Edward Snowden: Whistle-blowing protections most likely won't help
While Edward Snowden, the former NSA contractor, and others portray him as a heroic whistle-blower, his decision to make top secret documents public severely limits his legal protections, analysts say.
(Page 3 of 3)
Given that existing whistle-blower laws are tailored so tightly, Snowden faces, at best, a steep uphill battle to stay out of federal prison should he return to the US for trial, Vladeck and other legal experts say.Skip to next paragraph
In Pictures Edward Snowden on the run: villain or hero?
Subscribe Today to the Monitor
“The danger is that once someone comes out and declares themselves, it still doesn’t mean they are an instant hero or patriot – there still needs to be an evaluation of whether they’ve got good grounds for violating their secrecy agreement with the government,” says Rahul Sagar, an assistant professor of politics at Princeton University and author of “Secrets and Leaks: the Dilemma of State Secrecy,” a forthcoming book examining the moral and legal tension between executive power, national security, secrecy, and whistle-blowing.
Along those lines, Snowden’s leaks have already had a major impact, triggering vigorous public and congressional debate over the legality and value of NSA surveillance programs that have scooped the phone data of millions of US residents. Though NSA officials tout the programs as having been vital to preventing numerous terrorist attacks, they are now under new pressure to declassify materials that would prove those claims are true.
Yet because there is apparent legal backing for the surveillance programs – at least so far, “Snowden is further out on a ledge than whistle-blowers that fit the classic definition,” Vladeck says.
Snowden is not the first former NSA employee to have declared the government was conducting overbroad data collection against ordinary Americans.
Thomas Drake, a former NSA senior program manager, is one of several former NSA workers who have been through the wringer of trying to blow the whistle on alleged agency abuses. In his case, it involved a surveillance program called Trailblazer that he, too, thought was an abuse of Americans’ privacy. So in 2006 he contacted a reporter for the Baltimore Sun.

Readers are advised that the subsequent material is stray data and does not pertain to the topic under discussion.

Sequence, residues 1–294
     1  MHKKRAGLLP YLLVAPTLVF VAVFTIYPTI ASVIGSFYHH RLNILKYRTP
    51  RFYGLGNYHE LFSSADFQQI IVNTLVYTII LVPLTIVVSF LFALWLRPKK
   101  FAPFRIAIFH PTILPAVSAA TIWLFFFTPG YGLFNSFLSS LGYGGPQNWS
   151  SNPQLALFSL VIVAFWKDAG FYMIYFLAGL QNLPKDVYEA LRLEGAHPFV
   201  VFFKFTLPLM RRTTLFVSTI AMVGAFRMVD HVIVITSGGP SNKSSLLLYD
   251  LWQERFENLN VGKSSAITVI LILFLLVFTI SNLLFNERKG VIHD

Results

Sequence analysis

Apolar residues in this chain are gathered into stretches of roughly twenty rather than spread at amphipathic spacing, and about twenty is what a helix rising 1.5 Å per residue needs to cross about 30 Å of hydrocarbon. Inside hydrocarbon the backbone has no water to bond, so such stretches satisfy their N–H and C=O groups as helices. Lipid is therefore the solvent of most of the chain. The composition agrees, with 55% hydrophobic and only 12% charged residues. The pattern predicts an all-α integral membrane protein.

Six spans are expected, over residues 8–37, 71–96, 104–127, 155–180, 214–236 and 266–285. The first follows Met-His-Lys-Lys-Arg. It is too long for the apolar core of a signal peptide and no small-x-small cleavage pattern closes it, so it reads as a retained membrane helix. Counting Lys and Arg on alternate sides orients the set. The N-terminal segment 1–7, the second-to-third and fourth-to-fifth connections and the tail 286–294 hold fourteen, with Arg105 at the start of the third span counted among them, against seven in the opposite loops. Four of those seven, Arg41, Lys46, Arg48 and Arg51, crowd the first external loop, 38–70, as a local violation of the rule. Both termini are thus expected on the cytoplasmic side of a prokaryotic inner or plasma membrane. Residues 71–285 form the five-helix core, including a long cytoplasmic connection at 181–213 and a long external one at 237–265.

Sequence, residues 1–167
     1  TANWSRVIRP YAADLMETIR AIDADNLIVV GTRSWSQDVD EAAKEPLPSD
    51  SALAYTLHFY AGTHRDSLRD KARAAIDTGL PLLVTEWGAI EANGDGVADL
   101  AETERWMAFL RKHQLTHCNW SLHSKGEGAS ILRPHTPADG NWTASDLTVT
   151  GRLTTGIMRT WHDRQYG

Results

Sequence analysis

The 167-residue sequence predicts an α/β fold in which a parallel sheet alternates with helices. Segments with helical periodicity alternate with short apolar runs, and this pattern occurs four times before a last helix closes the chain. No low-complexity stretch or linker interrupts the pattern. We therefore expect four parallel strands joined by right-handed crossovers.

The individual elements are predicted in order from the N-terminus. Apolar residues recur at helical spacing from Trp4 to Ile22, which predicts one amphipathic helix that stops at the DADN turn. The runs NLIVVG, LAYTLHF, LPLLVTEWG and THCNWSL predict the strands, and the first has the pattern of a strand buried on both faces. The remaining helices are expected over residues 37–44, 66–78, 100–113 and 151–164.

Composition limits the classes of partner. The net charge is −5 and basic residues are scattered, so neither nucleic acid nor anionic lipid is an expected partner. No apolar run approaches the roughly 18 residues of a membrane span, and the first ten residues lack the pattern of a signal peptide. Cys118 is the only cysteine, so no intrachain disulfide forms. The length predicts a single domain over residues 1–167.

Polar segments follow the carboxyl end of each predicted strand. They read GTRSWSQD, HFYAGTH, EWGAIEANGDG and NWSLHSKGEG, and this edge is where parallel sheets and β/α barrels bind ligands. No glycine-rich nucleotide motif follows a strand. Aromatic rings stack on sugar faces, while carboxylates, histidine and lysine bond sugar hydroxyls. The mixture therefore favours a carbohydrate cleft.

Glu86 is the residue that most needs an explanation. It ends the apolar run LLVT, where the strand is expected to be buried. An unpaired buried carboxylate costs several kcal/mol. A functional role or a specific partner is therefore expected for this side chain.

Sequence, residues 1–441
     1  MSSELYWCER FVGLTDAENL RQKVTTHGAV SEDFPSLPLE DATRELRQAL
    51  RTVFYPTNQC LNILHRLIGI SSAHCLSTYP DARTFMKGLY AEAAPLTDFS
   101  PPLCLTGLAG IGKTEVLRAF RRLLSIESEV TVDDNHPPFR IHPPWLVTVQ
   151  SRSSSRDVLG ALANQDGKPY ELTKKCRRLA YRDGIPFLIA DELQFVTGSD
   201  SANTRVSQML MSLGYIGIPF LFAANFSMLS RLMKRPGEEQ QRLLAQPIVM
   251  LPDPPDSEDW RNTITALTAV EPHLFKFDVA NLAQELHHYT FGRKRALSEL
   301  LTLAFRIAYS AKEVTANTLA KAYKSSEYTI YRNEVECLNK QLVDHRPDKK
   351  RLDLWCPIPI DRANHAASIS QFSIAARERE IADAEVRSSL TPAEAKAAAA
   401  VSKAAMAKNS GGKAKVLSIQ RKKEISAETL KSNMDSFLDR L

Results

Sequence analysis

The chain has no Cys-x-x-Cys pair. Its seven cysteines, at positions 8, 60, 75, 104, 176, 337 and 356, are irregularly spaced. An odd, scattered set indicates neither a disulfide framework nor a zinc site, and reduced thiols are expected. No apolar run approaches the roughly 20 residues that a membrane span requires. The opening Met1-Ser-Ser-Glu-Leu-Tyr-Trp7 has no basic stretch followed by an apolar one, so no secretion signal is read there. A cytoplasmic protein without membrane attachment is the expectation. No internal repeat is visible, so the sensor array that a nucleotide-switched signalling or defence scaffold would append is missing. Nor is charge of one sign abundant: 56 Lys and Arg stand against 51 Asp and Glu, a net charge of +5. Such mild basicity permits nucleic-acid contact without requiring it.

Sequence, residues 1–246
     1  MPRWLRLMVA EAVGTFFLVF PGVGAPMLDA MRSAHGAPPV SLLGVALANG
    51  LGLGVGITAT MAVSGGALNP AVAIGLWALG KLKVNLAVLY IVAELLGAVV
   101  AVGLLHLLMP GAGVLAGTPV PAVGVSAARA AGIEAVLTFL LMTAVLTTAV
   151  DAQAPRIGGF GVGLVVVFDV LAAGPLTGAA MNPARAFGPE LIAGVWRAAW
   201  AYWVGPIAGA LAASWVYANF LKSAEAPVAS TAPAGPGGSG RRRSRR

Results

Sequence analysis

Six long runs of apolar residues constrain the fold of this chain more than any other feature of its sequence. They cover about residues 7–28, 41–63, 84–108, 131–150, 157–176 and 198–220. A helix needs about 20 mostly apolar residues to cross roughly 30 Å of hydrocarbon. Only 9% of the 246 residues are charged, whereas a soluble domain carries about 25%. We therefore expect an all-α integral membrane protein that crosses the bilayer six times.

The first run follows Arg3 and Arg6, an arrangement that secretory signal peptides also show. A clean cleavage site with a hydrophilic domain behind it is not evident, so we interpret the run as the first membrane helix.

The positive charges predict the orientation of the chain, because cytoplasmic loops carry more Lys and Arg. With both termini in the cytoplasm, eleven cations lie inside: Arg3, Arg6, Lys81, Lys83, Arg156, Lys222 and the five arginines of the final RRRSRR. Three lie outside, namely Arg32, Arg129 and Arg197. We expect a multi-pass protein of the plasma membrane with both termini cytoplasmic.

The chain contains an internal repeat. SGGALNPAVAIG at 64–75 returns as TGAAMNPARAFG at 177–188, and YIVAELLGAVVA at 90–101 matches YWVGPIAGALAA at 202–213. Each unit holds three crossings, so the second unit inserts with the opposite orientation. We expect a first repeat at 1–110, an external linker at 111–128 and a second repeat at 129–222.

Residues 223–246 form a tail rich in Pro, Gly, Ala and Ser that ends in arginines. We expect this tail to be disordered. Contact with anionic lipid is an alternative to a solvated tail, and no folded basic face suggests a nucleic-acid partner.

But in 2007, he was confronted by federal agents at his home. Ultimately he was acquitted of the 10 federal charges brought against him, including espionage charges. As part of a plea bargain, he pleaded guilty to an unrelated misdemeanor charge of exceeding authorized use of a computer. Unlike Snowden, he was careful never to hand over classified documents or other secret information – only unclassified information – or he might be in prison today, he says. [Editor's note: The original version of this story said Drake was acquitted of 11 federal charges.]
“I had hoped that my own case would inspire others to come forward and expose the inner sanctum of this vast leviathan surveillance state,” Mr. Drake says in an interview. “There are more parallels than differences here. I was an eyewitness at the very beginning of the nation-state secret surveillance program when it all began. I knew in those first few weeks, if I didn’t speak up or do something I would be accessory to a crime or subverting the constitution.”
Snowden’s plight as he sits, somewhere in Hong Kong, trying to figure out whether to fight if the US extradites him on espionage charges, is hardly enviable, he says. Though Drake says he wishes Snowden well, he would not advise him to return to face the US legal system – having himself spent years and many thousands of dollars trying to clear his name.
“None of what Snowden has revealed is surprising to me,” he says. “When you look at what’s been disclosed so far. And I think there’s a lot more to come.”